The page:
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“And a one, two, a one, two, three, four,” Tabitha counted out. Her feet tapped rhythmically across the floor as she counted out her dance steps. She swept an unruly piece of hair out of her eyes as her shoulders moved in time with her feet.

Her cane was meant for walking, but mostly Tabitha used it for dancing. “Da, da, da, ta, da, da,” she sang. And then, “Listen! I need six women up here on this line!” she called out to her audience.

Tabitha’s audience was a group of women in wheelchairs. Her enthusiasm, however, was unwavering. “When I was on Broadway, everybody knew you had to work early and stay late,” she explained to a staff member.

Tabitha was a perfect example of a person with dementia who lived in her own reality. In Tabitha’s world, she was still a dancer, and she was proud of this fact.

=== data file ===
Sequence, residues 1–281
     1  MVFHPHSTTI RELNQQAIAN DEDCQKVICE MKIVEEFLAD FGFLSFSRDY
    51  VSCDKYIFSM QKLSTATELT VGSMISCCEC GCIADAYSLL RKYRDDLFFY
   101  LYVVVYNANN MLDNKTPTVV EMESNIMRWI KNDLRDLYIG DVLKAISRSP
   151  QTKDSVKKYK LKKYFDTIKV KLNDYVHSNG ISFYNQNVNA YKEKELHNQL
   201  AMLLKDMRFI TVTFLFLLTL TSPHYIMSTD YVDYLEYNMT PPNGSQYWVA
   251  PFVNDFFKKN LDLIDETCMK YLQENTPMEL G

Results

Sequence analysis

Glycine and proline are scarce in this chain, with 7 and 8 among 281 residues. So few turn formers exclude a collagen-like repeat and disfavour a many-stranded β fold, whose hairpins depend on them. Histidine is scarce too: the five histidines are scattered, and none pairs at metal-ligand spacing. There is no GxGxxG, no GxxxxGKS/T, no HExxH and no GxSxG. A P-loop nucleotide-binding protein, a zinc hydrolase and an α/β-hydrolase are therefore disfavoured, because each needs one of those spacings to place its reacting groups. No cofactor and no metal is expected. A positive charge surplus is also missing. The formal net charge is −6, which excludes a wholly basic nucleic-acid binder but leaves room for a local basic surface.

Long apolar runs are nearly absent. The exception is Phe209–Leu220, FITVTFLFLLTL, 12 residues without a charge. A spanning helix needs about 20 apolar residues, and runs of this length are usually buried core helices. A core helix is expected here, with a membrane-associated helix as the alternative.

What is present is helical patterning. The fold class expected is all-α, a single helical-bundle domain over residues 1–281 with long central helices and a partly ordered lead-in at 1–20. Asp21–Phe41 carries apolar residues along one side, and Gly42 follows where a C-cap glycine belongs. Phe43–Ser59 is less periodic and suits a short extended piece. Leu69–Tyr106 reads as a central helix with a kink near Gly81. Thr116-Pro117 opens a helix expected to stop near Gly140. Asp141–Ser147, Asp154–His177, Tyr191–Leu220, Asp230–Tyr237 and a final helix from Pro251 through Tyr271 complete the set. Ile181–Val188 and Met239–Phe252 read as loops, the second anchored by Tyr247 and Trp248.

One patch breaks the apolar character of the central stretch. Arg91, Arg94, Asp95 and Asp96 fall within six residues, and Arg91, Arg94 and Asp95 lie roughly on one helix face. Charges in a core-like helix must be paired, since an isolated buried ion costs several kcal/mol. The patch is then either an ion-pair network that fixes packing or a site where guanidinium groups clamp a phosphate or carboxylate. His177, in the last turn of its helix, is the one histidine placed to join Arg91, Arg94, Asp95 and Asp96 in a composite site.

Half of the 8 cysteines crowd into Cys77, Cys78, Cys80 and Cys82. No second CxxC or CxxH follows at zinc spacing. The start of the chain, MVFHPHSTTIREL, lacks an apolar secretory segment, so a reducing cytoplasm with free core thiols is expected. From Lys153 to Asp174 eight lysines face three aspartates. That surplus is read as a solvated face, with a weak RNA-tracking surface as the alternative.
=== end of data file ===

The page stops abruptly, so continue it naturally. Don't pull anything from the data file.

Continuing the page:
No one ever tried to convince her otherwise, either. “Tabitha, can you teach me some dance moves?” I asked her. “Sure, honey, now look at this one,” she offered, gliding her feet across the carpet to a tune that no one else could hear.

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Rachael Wonderlin has a Master’s in Gerontology and is the author of two published books with Johns Hopkins University Press. She owns Dementia By Day, a dementia care consulting company.

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